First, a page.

The fight to improve current and future trade agreement continues, as it must, in Congress, and Rep. Mike Michaud remains on the front lines. Rep. Michaud recently protested a U.S. Chamber of Commerce report that claimed free trade agreements supported 5.4 million jobs. Rising to speak on the floor of the House of Representatives, Mr. Michaud said, “In response to the report, I have only one thing to say: not in my district.” The congressman went on to list some of the Maine businesses where manufacturing jobs have been cut because of competition in other countries.
The trade issue will remain in a gray area for many Maine workers. On the one hand, they have seen the state’s old-line industries such as shoe manufacturing decline here and thrive in the developing world. But that trend is part of a larger movement, one that cannot be stopped as long as capitalism is the economic mode of choice. The global marketplace cannot be ignored or snubbed, and those nations that choose to do so are destined to end up with second-rate economic status. As developing nations grow in prosperity, they will become markets for the products and services provided by U.S. businesses. It’s just that the transition between one economic model and the next is painful.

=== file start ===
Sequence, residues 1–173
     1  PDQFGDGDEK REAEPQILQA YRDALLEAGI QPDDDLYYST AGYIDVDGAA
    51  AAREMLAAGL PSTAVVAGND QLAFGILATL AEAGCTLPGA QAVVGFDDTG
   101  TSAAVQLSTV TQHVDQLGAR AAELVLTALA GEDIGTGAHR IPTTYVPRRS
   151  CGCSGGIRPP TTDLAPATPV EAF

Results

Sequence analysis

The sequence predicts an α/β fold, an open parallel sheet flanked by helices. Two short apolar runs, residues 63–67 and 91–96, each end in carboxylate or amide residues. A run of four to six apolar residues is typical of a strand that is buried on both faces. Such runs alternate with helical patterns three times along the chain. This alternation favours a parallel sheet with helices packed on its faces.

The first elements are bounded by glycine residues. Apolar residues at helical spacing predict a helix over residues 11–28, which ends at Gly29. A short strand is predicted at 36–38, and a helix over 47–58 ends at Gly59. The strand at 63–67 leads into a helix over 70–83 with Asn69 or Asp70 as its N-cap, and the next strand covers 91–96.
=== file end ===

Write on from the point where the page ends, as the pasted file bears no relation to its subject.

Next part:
Rep. Michaud’s TRADE Act — which stands for Trade Reform, Accountability, Development and Employment — seeks to establish a better framework for renegotiating existing agreements and sets standards for new ones. Specifically, it would require Congress to consider human rights, security, and environmental and social effects as it evaluates trade deals. It also would end the fast-track approval nature of trade agreements in Congress, which allow only for yes or no votes (more akin to treaties).
Under the TRADE Act, Congress could modify such deals. Also, new trade deals could not ban “buy American” provisions or anti-sweatshop policies, but tax breaks for businesses that outsource U.S. jobs would be banned.
The TRADE Act now has 143 co-sponsors, Rep. Michaud’s office reports, which means the White House would have a hard time passing free trade deals with Panama, Colombia and South Korea, which are pending from the last administration, without some deference to those co-sponsors. Support for the TRADE Act also is affecting the fledgling Trans Pacific Partnership, an Obama administration deal that includes Singapore, Chile, New Zealand, Brunei, Australia, Peru and Vietnam. Rep. Michaud is chairman of the House Trade Working Group, and has focused much of his work in Congress on issues relating to trade.
It is important to stress that Maine and the nation cannot expect the global marketplace to wane, and it cannot be seen as an enemy to prosperity. The future lies in international trade. But Maine must work to ensure that trade is equitable for both sides. Rep. Michaud’s efforts in Congress continue to reflect that goal.